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Another day, another teardown ...

This time, it's my beloved Sea-Gull 816.351. I've put some teaser photos in the post, the full review is at Review: Sea-Gull 816.351 | Watch Guy . This time, I have split teardown and assembly, and I will post the assembly in a couple of days.

Enjoy,

wilderbeest

2012-01-13-092135.jpg
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IMG_5994-smaller.JPG
 

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Can I just say thanks for writing these articles Christian, I really hope you persist with tearing down and continue posting your reports... after all, the mechanics really are the guts of our interest.
 

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Hi Christian!

Very nice and informative articles! I will follow your blog closely :)
I actually own a Seagull 816.351 and it is one of my favorites! After 2 months of use it settled at +1s/day.
It "looks" like a luxury watch in many aspects!
 

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Thanks for the positive feedback! Any suggestions for teardowns, let me know. I won't be able to keep up the current pace, but I intend to do 2 a month or so. Next projects include a 1960s Rolex, a Russian pocket watch and some other weird and wonderful watches ...
 

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Very nice, especially the big pics! One can really see the finish (or lack thereof). I'm sure the watch and movement looks perfectly nice when not peeking through a loupe or microscope. But I'm a bit surprised how rough the edges and chamfers of the holes are (for example in http://watchguy.co.uk/wp-content/uploads/2012/01/IMG_6006.jpg), and that the plating has damage (from assembly?). From what I've heard on this forum about the difference between third party assemblers and Seagull, I wouldn't have expected this on a Seagull branded watch.
 

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Well, it's not a Rolex or an IWC :) The naked movement retails for around £50 I believe, way cheaper in bulk. For that money, I think the finish isn't too bad. And the photos are pretty high-res and unforgiving. I don't want to see a close-up of many things at that resolution ;-)
 

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Right - I've started on the assembly here - with a bit of a funny ending if you care to read it ;-)

Now it's time for the weekend - have a great one, everyone!
 

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Very nice, especially the big pics! One can really see the finish (or lack thereof). I'm sure the watch and movement looks perfectly nice when not peeking through a loupe or microscope. But I'm a bit surprised how rough the edges and chamfers of the holes are (for example in http://watchguy.co.uk/wp-content/uploads/2012/01/IMG_6006.jpg), and that the plating has damage (from assembly?). From what I've heard on this forum about the difference between third party assemblers and Seagull, I wouldn't have expected this on a Seagull branded watch.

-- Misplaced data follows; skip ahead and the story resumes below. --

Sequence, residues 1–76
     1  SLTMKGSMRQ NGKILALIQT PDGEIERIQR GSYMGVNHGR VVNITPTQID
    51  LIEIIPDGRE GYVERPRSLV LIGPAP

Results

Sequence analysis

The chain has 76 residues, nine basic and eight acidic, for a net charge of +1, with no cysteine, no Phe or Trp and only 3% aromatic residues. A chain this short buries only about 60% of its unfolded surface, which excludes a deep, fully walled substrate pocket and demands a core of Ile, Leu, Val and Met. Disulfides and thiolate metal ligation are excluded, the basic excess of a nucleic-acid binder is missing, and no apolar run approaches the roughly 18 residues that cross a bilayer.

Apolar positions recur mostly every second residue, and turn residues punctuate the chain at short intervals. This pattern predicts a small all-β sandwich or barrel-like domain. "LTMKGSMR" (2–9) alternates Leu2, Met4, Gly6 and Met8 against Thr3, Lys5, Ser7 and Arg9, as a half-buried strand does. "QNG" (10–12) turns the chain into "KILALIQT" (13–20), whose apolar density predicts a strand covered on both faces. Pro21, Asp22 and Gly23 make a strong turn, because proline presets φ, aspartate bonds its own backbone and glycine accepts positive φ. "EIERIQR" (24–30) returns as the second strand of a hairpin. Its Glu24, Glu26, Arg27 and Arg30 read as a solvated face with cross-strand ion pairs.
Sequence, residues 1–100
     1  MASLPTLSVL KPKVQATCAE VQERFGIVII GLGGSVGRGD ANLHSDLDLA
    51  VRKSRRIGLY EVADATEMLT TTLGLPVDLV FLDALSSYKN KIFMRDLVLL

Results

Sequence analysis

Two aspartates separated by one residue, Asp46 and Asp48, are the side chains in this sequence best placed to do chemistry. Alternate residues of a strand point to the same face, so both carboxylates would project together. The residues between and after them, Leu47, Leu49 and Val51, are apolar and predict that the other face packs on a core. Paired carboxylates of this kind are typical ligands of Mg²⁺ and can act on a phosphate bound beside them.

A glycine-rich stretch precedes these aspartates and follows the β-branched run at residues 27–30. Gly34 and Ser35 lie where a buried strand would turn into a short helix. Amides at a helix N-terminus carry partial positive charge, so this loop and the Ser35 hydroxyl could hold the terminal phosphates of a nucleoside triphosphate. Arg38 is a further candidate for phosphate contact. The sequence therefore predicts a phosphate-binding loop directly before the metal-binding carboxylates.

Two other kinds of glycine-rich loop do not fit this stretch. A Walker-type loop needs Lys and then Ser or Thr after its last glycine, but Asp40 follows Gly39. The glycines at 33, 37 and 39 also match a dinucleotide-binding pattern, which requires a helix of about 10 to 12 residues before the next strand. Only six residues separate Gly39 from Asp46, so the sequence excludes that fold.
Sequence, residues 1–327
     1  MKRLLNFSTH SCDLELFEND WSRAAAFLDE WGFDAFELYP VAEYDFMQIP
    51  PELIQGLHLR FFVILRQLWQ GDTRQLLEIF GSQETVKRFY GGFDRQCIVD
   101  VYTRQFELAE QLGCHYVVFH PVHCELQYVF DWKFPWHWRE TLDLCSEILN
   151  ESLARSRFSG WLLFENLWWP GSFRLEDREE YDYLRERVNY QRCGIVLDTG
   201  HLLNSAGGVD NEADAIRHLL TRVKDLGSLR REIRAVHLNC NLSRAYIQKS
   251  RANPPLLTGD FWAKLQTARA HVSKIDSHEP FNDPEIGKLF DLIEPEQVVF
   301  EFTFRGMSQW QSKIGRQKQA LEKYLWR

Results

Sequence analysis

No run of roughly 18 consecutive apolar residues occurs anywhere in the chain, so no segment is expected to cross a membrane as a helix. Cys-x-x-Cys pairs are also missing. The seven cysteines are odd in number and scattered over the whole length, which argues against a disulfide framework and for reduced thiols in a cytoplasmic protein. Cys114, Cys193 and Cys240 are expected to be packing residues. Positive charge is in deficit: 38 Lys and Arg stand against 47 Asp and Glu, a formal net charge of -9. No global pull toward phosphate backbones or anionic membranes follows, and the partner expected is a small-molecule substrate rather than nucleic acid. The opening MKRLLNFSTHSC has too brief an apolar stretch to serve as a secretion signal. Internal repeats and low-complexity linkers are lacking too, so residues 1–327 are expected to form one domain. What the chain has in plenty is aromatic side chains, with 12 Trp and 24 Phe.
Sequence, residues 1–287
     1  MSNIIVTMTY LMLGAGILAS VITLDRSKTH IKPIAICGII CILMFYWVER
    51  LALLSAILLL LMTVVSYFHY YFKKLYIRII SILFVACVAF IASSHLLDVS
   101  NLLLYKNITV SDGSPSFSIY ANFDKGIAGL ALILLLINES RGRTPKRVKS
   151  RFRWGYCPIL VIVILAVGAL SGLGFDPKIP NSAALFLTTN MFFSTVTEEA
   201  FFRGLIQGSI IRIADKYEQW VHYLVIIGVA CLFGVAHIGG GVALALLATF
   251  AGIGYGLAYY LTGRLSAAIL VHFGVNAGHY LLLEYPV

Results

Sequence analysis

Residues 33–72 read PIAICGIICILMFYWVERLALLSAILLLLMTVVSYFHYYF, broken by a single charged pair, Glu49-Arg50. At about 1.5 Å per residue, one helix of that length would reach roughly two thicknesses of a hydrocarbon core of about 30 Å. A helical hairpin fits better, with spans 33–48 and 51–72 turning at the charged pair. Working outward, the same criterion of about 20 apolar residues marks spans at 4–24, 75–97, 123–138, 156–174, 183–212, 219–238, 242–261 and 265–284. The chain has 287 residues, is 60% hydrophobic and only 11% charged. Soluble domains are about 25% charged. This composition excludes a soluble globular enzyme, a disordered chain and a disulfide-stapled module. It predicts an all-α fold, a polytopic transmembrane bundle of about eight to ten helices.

You should compare it to the ETA 2824-2, you'll see that it the ETA has some rough spots too.

There is a comparison of the TY2130, Hangzhou 3600 and ETA 2824 (all the same basic design) up in the reference section.
 

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I love these teardown artices, thank you both wilderbeest and lysanderxiii. Wilderbeest - I also noticed your breakdown of an older Nomos Ludwig. It might interest you that I own one of the later in-house versions. I would be happy to send a few photos through the back window at least, although I don't have the guts to get further inside as you do. It's quite a pretty movement.
 

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Discussion Starter #10
The damage on the bottom plate struck me as odd as well - almost looks to me like it came from the casting rather than assembly damage. 2012-01-13-094600.jpg
 

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That's not casting damage, because the plates aren't cast, they're machined from bar stock.

Looks like when they pressed in the center post they had some debris on the bottom die. Just take off the high metal.
 
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